Location: Port Elizabeth, New Jersey
June 25, 2016
I found an exuvia in my yard last weekend, 6/24-6/25, in Port Elizabeth NJ. It is almost identical to the images posted here, more similar than the image on bugguide. This exuvia is huge. Close in size to a cicada exuvia. I think it unlikely to be a horsefly. I’ve tried twice to submit my pictures but it just spins indefinitely. The exuvia that I found is close to 2 inches long and has an identifiable head.
Signature: Kevin Canning
Thanks so much for submitting your wonderfully detailed images of the Exuvia or cast off exoskeleton you discovered. The mandibles evident in the head area are proof this is NOT a Horse Fly exuvia. The mandibles are designed for chewing, and our best guess at this time is that the exuvia belongs to a Wasp, but we would not rule out a Beetle. The antennae are also quite prominent as are the eyes. We suspect this is some species of Solitary Wasp, perhaps a Cicada Killer or a Scoliid Wasp. Here ia a BugGuide image of the head of a Cicada Killer and here is a Science Photo image of a Scoliid Wasp. We will write to Eric Eaton to try to get some input from him.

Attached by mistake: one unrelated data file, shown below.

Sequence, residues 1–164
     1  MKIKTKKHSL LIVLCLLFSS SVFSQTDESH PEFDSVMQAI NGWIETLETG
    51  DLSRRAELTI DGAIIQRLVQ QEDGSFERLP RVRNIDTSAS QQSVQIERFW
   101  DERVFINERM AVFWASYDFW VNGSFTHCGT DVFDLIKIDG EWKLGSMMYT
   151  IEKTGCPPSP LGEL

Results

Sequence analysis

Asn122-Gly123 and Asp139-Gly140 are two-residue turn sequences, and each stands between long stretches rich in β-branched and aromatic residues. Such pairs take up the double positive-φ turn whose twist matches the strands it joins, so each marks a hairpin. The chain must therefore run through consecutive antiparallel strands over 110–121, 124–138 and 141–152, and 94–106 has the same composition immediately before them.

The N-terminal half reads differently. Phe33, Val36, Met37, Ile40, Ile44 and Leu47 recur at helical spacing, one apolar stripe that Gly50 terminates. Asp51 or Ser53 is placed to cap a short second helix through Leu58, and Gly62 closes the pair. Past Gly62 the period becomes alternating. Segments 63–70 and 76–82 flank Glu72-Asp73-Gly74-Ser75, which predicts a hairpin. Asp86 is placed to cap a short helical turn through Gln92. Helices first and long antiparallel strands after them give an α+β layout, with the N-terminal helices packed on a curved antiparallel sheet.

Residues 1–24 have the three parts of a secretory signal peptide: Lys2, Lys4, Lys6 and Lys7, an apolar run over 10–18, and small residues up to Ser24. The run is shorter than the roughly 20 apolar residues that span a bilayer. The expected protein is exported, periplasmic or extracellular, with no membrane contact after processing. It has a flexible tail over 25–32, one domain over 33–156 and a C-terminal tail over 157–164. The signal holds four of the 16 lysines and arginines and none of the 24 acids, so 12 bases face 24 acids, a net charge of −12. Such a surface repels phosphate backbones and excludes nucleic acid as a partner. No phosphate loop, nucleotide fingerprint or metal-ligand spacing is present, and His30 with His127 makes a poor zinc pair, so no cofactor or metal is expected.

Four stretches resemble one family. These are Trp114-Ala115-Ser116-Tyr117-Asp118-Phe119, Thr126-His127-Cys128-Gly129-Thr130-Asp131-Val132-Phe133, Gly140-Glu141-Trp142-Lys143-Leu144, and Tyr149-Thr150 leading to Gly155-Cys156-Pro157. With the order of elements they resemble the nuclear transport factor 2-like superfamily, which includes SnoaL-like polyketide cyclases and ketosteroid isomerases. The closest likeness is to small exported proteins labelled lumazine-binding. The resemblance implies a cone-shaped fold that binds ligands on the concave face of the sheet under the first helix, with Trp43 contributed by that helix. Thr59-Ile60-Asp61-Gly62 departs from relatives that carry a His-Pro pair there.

Eric Eaton responds
I have no idea, though the ridges of spines on the segments make me think “fly pupa” first, like a mydas fly or robber fly.
author, Kaufman Field Guide to Insects of North America
Update: July 5, 2016
Thanks to a comment from Cesar Crash, we are entertaining the possibility that this might be a Moth Exuvia.
Thanks, I didn’t think it went through. I tried to attach 3 images actually. Thanks for trying to ID my molt. I think it’s too large for robber fly as well as even horse fly. I think you might be on the right track with possible beetle because i did once find a very large ground beetle on the property. I’m going to continue to look in to it.
I still have the exuvia and i also have the ability to take macro shots if i can capture something specific that will help identify it.
Update: April 18, 2017
We just received a comment from Michael Ellis with links to BugGuide indicating that this is a Carpenter Moth Exuvia, Prionoxystus robiniae.